The world is fighting the coronavirus pandemic. Having claimed more than 2.4 lakh lives across the world already, it has become a major crisis that the world might take a long time to overcome. The pandemic is hitting hard on the world’s economy as well as individuals’ mental health. People have been asked to stay indoors to maintain social-distancing, and only essential services are allowed to run. Rest everything has either stopped or been enabled through the “work from home” mode. However, even in these tough times, one thing hasn’t changed; hate-mongering.
After the case of Tablighi Jamaat in Delhi’s Nizamuddin Markaz, every new corona positive case is being seen through the spectacle of religion, and unverified news is making rounds on the internet. The entire scenario has been shaped as if coronavirus was brought to India by a certain group of people. No doubt that the Markaz is at fault, but how come targeting the entire community is justified? The situation is so bad that the police had to come out on social media to appeal to some news portals and a news agency to take down their posts containing false information.
Then came investigative “journalism” by a news channel, in which they tried to investigate how Madarsas are becoming hotspots of coronavirus. Madarsas are home to many orphans and underprivileged children, who either have nowhere to go or couldn’t go back to their homes due to the lockdown, just like students who are living in their University hostels because they could not go back due to stoppage of transport services during the lockdown.
Many news reports have suggested that discrimination has increased after the Nizamuddin incident. A pregnant woman was denied medical treatment in a hospital in Rajasthan. At some places, vegetable and fruit sellers are being asked to show their identity cards and denied entry if they are from a certain community. Similarly, there are some videos on social media in which some self-claimed saviours of society can be seen dictating fruit-sellers to not work until the coronavirus pandemic ends.
Besides these incidents, social media is filled with hatred against a community after the Nizammudin incident, even though people from this community came forward and advocated action against those who ignored the lockdown precautions and attended that gathering. No change can be observed as the media is adding fuel to the fire by showing provocative content, and at times, false information. In these tough times, the media was supposed to be at forefront in standing against such hatred. But things are happening in the opposite direction. Reports on news channels are displaying conspiracy theories around the spread of the virus, and that too without any solid evidence.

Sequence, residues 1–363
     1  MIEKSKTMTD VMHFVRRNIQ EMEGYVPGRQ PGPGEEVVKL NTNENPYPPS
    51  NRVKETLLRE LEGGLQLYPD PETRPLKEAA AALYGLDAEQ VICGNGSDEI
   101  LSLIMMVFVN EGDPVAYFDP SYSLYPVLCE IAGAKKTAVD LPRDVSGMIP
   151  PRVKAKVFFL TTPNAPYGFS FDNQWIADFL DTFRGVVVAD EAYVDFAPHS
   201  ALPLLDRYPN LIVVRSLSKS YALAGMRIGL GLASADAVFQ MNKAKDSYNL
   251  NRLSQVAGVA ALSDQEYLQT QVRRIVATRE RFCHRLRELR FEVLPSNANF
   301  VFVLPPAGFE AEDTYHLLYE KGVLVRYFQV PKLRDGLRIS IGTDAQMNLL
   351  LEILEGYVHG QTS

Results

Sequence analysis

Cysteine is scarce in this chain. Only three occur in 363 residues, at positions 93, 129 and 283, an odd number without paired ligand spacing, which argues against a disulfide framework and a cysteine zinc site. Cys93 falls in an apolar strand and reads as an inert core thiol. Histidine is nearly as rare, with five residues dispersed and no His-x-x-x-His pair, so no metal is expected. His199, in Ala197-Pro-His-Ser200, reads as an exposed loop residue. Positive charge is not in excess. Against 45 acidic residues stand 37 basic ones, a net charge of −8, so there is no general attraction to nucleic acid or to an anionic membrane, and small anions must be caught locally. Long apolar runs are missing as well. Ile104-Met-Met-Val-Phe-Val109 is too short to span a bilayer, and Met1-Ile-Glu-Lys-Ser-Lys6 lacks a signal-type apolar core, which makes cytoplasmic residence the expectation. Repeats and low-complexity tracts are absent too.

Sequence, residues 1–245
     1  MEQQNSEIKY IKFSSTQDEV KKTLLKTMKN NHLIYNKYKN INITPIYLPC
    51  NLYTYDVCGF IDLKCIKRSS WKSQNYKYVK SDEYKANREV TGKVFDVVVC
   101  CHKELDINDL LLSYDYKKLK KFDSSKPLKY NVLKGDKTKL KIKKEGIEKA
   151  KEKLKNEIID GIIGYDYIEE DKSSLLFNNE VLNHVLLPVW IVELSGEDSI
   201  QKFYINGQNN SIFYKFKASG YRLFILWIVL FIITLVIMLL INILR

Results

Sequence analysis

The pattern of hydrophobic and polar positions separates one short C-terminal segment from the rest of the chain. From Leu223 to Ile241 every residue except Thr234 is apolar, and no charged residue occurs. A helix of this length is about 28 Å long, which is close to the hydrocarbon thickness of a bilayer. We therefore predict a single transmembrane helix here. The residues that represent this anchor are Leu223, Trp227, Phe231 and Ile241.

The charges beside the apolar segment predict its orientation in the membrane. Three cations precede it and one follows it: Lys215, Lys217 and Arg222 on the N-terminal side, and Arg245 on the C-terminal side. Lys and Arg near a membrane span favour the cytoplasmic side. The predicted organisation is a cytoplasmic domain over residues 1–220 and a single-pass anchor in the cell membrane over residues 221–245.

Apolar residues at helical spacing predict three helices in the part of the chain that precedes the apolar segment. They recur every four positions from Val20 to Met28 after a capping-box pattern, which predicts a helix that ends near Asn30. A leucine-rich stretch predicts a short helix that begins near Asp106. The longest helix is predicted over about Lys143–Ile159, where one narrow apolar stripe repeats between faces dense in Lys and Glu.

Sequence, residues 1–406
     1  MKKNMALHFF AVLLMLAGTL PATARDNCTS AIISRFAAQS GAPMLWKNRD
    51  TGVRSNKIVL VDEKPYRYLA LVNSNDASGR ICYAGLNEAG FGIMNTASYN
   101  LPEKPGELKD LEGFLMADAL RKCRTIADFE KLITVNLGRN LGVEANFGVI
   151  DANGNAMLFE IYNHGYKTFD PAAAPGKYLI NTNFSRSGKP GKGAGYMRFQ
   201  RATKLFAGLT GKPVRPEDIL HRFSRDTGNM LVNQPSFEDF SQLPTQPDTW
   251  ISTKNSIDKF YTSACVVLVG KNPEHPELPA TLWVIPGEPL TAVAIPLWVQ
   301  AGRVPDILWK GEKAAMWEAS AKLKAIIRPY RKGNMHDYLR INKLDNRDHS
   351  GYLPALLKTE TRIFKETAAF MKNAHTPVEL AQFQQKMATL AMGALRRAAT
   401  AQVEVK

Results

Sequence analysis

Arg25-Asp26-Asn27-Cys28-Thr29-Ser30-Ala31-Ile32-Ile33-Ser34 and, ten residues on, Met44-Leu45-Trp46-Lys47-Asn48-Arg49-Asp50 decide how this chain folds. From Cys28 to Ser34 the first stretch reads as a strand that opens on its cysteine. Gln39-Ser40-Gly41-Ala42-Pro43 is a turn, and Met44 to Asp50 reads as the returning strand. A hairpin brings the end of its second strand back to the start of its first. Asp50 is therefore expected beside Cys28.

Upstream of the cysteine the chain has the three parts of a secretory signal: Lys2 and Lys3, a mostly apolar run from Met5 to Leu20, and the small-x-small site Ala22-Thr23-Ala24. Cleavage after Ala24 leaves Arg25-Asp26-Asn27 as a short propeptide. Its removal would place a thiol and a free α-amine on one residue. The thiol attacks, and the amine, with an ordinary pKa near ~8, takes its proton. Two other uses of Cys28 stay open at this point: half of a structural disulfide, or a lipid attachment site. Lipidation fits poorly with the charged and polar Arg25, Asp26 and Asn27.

While undertaking this kind of hate-mongering, people forget that the ones they are targeting might be going through mental stress due to the lockdown. Uncertainty of future, no source of livelihood, and then this hate. All of this together makes a person go through mental trauma, which may take a lot of time to come out of. One thing which needs to be remembered is that you can never get love in exchange for hate.
Turning everything against a community will end up breaking the culture of the ‘Ganga-Jamuni Tehzeeb’ in our country. This is quite a tough time for all. Students are going through a lot of stress, as schools and colleges have shut till further notice/order, the working class is under stress because many of them are under the fear of losing their jobs, and people from unorganised sectors are stressed because they might not have enough to survive this lockdown period.
Doctors, nurses, other medical staff and police are working relentlessly against this microbe. Do you know what religion they belong to? Won’t these hate agendas not break their courage if they find you targeting a section of the society like this? Has your doctor ever asked for your religion or caste, and treated you on that basis? If they do, how will you feel about it? These questions should be kept in mind before targeting those who are part of our own society.
No doubt, violators should be punished. A person or group doesn’t represent the entire community and its values. To understand each other’s culture and values, we need to keep ourselves calm, and respect each other keeping this hate aside. It’s time to stand together and maintaining social distancing, not social discrimination.